This blog post is designed to be used as a basic guide to attaining a higher maths IA mark. Do note that as the potential topics for maths IA’s are so wide and that each topic of maths would be approached differently, this blog post will provide more general advice as opposed to necessary components of each IA; which can be otherwise be discerned from the IA marking criteria. Our tutor achieved full marks for his HL maths IA, 20/20, and hope that his personal experience can assist you when writing up your final IB maths IA.
1: Find a topic you genuinely enjoy
The typical, clichéd piece of advice; find a topic you actually enjoy. In my opinion, this applies to the maths IA more than almost any other IA or assignment (apart from the EE), as a great deal of time will have to be spent on it to achieve a high mark. The IA will definitely be tedious in terms of formatting and working out and so on, especially with maths studies IA which will typically involve statistics, and so it is essential that you don’t bore yourself too much and become demotivated.
When referring to a “topic” you actually enjoy, however, I don’t just mean the subject, e.g. an IA based on your favourite sport, but also on the maths involved. While maths studies IA’s will usually be statistics-based as mentioned, there is much more variety in SL and HL IA’s. Students should pick their favourite maths topic, or at the very least one that they don’t particularly dislike, so that again the IA doesn’t become too tedious and boring. This is of extra importance for SL and HL IA’s, in which “Personal Engagement” is one of the criterion.
2: Meet the criteria
This brings me to my next point, which seems obvious but can be so easily overlooked; simply, meet the IB’s marking criteria. It is absolutely imperative that students work with the marking criteria next to them, constantly comparing their work to the qualifiers described in the criteria and making sure that these qualifiers are met. It is usually very helpful to base your IA off of the ‘full marks’ qualifier for each criterion, and then compare this to the one below to see exactly what is required for the extra mark.
Many of the criteria are relatively vague and based on marker’s interpretations, and so it is necessary to fulfil the ones that are measurable and quantitative in the chance that you have a harsh marker for the subjective criteria. For example, it is much more difficult to demonstrate personal engagement than to simply have the correct notation and terminology, or to have a correctly formatted bibliography.
3: Structure your IA effectively
Personally, one aspect of maths IA’s that I consider highly important is structure. In terms of having a good structure, I mean that the IA should be easy to follow and separated into small sections, each with an obvious purpose - for example: Introduction, Raw Data, Processing, and so on. Having an effective, organised and coherent structure helps both markers to understand and follow your IA (therefore being more inclined to give it a higher mark) as well as meet some of the criteria.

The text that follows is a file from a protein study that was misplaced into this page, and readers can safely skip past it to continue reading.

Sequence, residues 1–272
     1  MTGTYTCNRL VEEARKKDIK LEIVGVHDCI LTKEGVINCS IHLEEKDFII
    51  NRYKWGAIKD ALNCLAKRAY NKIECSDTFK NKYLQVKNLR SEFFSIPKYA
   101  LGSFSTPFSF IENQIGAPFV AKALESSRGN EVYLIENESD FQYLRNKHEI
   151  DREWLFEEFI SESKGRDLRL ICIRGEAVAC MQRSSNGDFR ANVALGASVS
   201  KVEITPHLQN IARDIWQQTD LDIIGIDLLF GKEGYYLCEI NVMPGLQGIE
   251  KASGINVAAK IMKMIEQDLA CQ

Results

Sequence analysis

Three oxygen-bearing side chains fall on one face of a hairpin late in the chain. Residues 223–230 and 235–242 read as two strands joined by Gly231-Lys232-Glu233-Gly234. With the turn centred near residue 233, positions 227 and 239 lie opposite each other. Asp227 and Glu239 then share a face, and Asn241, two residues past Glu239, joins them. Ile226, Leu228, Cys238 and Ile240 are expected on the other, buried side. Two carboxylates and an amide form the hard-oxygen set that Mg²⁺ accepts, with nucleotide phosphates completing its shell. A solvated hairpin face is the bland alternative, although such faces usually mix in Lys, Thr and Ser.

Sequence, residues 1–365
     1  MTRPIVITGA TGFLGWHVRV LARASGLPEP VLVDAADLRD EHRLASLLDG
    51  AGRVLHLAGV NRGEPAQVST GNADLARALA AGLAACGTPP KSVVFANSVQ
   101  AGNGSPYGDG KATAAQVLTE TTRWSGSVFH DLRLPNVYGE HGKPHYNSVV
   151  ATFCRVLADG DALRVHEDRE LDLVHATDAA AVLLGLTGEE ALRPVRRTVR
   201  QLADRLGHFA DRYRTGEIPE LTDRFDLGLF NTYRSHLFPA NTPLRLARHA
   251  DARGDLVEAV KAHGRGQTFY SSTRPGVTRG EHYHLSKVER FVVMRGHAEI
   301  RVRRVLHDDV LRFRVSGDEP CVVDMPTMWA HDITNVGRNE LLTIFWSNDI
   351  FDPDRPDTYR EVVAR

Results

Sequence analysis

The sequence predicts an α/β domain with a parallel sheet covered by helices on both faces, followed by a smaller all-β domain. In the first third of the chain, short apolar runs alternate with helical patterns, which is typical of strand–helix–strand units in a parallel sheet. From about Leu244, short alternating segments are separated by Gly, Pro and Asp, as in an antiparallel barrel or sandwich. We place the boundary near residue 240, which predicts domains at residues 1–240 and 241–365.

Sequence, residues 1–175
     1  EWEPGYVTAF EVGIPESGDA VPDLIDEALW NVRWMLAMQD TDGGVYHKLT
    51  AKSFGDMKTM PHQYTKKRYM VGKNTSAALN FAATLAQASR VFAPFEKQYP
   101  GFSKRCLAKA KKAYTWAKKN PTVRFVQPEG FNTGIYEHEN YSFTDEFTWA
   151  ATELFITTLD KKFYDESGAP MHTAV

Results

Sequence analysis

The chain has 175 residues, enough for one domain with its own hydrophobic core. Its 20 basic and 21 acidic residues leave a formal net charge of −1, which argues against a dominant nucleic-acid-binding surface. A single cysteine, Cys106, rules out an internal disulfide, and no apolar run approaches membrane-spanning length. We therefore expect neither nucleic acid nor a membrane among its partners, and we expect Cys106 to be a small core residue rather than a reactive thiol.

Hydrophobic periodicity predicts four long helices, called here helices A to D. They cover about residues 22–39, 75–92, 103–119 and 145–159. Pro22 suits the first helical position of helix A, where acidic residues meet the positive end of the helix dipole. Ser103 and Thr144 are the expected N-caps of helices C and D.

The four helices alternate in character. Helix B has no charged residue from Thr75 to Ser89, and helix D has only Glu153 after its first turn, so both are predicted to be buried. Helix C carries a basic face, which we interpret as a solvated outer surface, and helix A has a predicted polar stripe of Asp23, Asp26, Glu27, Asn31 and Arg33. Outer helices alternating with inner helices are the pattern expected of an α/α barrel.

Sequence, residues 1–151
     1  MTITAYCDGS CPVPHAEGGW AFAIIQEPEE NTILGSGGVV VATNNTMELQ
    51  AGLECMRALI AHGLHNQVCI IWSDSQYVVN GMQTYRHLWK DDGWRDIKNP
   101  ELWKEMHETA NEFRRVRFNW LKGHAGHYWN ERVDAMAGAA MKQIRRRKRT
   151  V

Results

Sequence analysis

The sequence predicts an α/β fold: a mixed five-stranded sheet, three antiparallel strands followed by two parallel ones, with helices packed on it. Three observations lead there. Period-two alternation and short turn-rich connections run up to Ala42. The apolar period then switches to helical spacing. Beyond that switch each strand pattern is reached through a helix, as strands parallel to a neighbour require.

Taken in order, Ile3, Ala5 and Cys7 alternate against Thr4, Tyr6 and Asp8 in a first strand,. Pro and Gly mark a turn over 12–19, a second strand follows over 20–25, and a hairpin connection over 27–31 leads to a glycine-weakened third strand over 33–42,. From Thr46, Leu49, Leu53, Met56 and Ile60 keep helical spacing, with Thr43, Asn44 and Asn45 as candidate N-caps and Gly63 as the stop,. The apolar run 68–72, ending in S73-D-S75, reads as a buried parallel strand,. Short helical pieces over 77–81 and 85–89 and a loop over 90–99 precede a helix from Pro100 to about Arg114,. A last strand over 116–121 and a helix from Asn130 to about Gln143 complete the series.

In maths studies, some of the criteria even include “introduction” and “structure and communication”, and so obviously having a clear-cut structure will allow for higher marks. Moreover, segmenting maths studies IA’s also facilitates higher marks in the “interpretation of results” criteria; simply interpret your results after every section, as opposed to one long paragraph at the end.
Similarly in maths SL and HL, having a well-structured IA aids the “communication” criterion, as well as “personal engagement”; again, simply reflect at the end of each section as opposed to one long paragraph at the end. I personally constantly reminded myself to do this, and believe that it is a major factor as to why I achieved full marks for the personal engagement criteria.
4: Read over your IA, and have someone else proofread over it too
The maths IA can be extremely laborious, whether it be the amount of raw data and processing necessary for maths studies or the amount of equations to type out and notation to fix for maths SL and HL. As such, it is very easy to simply make a careless mistake on terminology or notation or to miss a digit in a number. Therefore, students should read over their IA and what they are typing constantly, as well as having someone else read over it. The way I look at it, the more people who proofread your assignment for these small errors, the less likely you are to submit a final assessment riddled with such errors.
I would advise asking someone more experienced at maths to read over it (i.e. a tutor, mentor, high-achieving friend or lecturer) so that they can recognise more notation and terminology errors, as well as discovering potential errors.
5: Start ASAP!
Finally, with all that in mind, start the maths IA as soon as possible. Some assignments, such as an English essay or written assignment can, if need be, be written several days before a deadline. I do not believe that this is possible to do this and achieve high marks in a maths IA. There is simply too much to do, i.e. finding raw data and processing it for maths studies or solving equations and then typing all of them in SL and HL, reading over your IA for notation and terminology and asking a friend to read over it also, creating graphs, fixing your structure, and so on. The list is endless and for this reason, I would highly recommend to start as early as possible.
For specific guidance, tailored advice and high quality proofreading to lock in a grade 7, don't hesitate to contact us (firstname.lastname@example.org) or book a session with our highly qualified tutors who can help you excel in the modern syllabus